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10 Ways You Abuse Your Eyeglasses Without Even Knowing

Even with insurance, eyeglasses can be pricey. Here’s how to keep them in good shape and make them last.

1 / 10

You take them off with one hand

You’d never think anything of it, but did you know taking your glasses off with one hand can actually damage the frames? Grabbing the side of your frames to take them off your face can actually bend them over time, according to Nancy Kirsch, a New York state licensed optician and director of the Essilor Eyewear Center at the SUNY College of Optometry. “If you are first compelled to take your glasses off with one hand, then you should do it from the center of the frame where the bridge is and not pull on one side,” she says. “When you pull on one temple it stretches them out.” If tugging at the bridge feels awkward, you can also take your frames off with both hands, one on each side, instead. Here are other secrets eye doctors won’t tell you.

2 / 10
iStock/Alex Kotlov

You don’t put them back in a case

Many people don’t even use the case their glasses came with. Leaving your glasses around the house, putting them in your pocket or throwing them in your purse mean they’re more likely to get scratched. The solution? When you’re not wearing your glasses put them in a case. These natural remedies can give your vision a boost.

3 / 10

You put them on top of your head

By putting eyeglasses on top of your head when not in use, you could stretch them out over time, Kirsch says. This may be especially true for reading glasses, since they’re often taken on and off. “It’s not a bad idea to get a cord around your neck so you don’t lose them,” Kirsch says, adding people should “get over the idea of making yourself feel like you’re an old lady or an old man.”

4 / 10

You use your clothes to wipe the lenses

A smudge on your glasses can be extremely irritating, but, unlike a scratch, it’s only temporary. The fibers in clothing can scratch your lenses or leave small pieces of lint that will annoy you even more, so consider grabbing the lens cloth you got from the optician instead. If that cloth has long been lost, grab a paper towel and some water, Kirsch says. The Wall Street Journal suggests running glasses under warm water, applying a small amount of dish soap and drying with a cotton cloth. If you’re constantly wiping the fog off of your glasses, try these anti-fog sprays.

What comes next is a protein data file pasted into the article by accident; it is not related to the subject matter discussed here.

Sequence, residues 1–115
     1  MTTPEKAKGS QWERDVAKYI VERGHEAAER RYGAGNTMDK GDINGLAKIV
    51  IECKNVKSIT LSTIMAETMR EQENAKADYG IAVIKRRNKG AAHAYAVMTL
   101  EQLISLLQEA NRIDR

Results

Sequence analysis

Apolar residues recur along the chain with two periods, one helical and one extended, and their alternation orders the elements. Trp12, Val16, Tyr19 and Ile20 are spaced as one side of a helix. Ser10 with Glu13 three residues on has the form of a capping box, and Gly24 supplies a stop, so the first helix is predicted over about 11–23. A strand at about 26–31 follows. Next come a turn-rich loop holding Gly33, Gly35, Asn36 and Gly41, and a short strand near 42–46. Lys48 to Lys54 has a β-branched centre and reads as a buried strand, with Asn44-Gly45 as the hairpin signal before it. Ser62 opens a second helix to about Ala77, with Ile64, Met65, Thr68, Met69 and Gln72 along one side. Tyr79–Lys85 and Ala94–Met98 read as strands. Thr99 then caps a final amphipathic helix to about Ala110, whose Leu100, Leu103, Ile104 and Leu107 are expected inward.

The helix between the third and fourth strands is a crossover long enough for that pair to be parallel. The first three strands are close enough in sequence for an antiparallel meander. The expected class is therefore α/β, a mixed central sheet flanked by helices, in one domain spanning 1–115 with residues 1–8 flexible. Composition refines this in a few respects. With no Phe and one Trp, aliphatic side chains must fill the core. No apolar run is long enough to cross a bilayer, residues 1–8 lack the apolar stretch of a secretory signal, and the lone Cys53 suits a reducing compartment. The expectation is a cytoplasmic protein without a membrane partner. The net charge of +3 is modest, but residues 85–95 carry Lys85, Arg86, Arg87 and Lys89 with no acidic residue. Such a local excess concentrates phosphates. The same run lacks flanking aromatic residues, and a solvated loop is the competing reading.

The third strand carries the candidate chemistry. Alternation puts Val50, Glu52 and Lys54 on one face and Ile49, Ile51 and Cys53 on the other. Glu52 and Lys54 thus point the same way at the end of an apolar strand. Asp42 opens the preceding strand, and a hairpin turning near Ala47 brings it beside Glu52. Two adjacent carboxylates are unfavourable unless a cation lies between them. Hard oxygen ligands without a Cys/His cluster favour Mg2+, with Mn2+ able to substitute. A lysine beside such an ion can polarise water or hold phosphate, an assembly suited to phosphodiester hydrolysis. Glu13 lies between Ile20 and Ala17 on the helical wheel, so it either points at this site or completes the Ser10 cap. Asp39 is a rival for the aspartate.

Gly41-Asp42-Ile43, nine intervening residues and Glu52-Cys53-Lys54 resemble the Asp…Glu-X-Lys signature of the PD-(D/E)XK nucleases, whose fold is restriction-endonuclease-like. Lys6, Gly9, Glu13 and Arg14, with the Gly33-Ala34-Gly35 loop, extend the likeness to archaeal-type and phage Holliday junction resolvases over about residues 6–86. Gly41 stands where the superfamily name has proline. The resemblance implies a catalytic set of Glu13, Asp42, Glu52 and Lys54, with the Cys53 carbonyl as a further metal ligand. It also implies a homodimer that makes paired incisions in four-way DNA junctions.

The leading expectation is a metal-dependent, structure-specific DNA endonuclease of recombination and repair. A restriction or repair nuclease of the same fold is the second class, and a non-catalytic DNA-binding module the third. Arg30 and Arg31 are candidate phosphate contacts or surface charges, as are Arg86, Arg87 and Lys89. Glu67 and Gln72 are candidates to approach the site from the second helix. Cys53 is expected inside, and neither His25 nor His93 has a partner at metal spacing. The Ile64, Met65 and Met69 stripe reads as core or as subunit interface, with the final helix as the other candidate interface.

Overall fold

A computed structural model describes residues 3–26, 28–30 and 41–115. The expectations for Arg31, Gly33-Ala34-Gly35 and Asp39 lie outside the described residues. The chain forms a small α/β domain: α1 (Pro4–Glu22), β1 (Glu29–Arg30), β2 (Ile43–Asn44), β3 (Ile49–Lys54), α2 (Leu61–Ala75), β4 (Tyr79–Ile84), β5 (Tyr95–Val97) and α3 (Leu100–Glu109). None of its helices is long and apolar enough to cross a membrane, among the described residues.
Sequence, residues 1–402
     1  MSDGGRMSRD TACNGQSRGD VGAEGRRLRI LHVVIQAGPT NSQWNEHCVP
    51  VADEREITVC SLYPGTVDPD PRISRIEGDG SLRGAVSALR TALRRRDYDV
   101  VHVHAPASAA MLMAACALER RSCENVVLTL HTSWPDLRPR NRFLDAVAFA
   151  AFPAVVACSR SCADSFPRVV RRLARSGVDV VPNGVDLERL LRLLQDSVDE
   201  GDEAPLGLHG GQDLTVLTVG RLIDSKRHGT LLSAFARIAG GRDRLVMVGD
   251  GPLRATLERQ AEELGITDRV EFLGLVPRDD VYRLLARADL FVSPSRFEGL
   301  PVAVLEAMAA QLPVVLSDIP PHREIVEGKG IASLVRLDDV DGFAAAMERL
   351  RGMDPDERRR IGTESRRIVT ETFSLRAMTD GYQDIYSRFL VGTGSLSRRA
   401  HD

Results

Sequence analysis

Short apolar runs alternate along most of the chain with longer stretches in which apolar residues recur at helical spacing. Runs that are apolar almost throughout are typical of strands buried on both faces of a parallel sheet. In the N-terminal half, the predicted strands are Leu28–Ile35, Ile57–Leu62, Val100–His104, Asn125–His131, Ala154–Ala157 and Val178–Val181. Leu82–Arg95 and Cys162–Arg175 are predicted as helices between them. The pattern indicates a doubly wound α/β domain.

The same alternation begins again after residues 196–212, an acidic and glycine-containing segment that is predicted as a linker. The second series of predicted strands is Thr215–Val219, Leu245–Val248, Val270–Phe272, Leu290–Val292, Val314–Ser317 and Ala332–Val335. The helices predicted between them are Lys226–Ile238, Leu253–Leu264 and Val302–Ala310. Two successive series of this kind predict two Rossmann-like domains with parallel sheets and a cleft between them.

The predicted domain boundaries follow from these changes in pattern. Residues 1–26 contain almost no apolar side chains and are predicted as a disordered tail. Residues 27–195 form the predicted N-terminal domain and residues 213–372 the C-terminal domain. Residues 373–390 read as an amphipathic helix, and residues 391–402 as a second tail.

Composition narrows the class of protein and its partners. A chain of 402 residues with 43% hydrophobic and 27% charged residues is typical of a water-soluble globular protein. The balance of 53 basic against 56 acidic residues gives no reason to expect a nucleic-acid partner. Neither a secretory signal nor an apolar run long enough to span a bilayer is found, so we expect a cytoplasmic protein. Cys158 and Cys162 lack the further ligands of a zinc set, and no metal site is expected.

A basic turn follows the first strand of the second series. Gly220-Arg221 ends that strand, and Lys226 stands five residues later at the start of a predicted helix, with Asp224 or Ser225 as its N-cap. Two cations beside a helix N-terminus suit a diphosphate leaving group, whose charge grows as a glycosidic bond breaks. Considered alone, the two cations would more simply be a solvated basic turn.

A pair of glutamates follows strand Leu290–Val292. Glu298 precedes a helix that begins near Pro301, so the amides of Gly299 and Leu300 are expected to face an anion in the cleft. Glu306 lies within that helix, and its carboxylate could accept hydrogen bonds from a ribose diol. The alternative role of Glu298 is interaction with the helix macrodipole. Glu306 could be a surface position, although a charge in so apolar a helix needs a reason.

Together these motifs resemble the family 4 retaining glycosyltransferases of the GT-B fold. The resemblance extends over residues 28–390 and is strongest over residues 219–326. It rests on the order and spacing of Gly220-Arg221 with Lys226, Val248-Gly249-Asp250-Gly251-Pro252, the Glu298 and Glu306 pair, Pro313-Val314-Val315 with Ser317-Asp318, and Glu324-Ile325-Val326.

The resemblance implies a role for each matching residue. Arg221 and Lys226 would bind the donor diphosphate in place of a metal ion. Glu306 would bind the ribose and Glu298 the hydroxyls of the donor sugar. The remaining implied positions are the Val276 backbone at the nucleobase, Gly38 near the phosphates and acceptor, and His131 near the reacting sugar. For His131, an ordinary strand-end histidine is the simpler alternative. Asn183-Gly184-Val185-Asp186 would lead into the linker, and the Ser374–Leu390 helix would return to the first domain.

5 / 10

You leave them on your windshield

Thick plastic frames are a popular trend, but they may not stand the test of time as well as metal frames—especially in the heat. “Leaving your glasses on the dashboard of your car, especially if you have plastic frames, the heat through the windshield can make the glasses soften and they can get out of shape that way,” Kirsch says. Leaving them near other heat sources, such as radiators or the stove, probably isn’t a good idea either.

6 / 10

You fold them and put them face down

It may seem like a good idea to fold your glasses and put them on a flat surface, but this can actually end up scratching the lenses if they’re lens side down, Kirsch says. Storing them back in a case is always a safe bet, but if you must, it’s better to put your glasses down with the lenses facing up.

7 / 10
iStock/Martin Dimitrov

You let other people wear them

Sometimes a friend or family member is curious about just how bad your vision is, so they ask to try on your glasses. Turns out you should kindly decline, because letting other people try on your glasses is another way the frames can be stretched out, Kirsch says.

8 / 10
iStock/Songsak Paname

You try to glue them back together

Despite exercising the best practices, sometimes your glasses just break. You don’t want to spend the money on a new pair so you quickly glue them back together. Good, right? Nope. “You shouldn’t try to crazy glue them back together because what happens is that the lenses themselves may be able to fit into a different frame for you, but if you get crazy glue on the frame or the lens you can’t pop them out,” Kirsch says.

9 / 10

You exercise or play sports with your glasses on

You still need to see when trying to catch a ball or even go on a jog, but wearing your glasses can end very badly. Instead, consider investing in protective sports eyewear, which is made from special material to safeguard your eyes during sports and physical activity.

10 / 10
iStock/Trudy Karl

You fall asleep with them on

This one is pretty obvious, but falling asleep with your glasses on is a big no-no. The frames will likely get misshapen when you lay down, or worse, you can roll over them. Do yourself a favor and take them off if you feel yourself nodding off.

Reader's Digest
Originally Published in Reader's Digest